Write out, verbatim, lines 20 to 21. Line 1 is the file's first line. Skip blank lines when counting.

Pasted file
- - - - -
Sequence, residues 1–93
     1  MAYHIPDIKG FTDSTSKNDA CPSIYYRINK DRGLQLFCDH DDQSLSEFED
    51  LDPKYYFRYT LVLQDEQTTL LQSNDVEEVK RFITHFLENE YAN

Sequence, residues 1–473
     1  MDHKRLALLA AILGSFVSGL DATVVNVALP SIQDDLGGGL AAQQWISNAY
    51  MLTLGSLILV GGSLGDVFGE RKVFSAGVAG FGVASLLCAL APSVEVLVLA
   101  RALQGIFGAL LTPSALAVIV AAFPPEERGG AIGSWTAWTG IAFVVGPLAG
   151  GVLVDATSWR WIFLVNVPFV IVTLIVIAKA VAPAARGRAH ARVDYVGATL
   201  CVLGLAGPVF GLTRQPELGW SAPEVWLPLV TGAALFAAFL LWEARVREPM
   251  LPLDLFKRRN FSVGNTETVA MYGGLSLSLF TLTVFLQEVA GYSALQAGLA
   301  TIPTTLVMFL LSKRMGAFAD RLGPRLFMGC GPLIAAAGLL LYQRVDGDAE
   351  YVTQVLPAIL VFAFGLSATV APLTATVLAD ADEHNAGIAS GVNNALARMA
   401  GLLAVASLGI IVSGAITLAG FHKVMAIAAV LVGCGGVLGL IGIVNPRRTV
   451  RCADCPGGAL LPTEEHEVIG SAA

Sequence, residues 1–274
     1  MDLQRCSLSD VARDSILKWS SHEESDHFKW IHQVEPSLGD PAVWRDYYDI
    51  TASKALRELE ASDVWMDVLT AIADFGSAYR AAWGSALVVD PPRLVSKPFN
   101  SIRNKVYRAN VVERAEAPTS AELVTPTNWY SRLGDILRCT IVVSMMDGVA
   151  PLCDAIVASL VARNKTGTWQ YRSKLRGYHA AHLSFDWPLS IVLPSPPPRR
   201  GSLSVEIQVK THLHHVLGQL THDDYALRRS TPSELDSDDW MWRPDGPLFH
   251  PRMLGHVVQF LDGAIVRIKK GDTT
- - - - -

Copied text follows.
   201  GSLSVEIQVK THLHHVLGQL THDDYALRRS TPSELDSDDW MWRPDGPLFH
   251  PRMLGHVVQF LDGAIVRIKK GDTT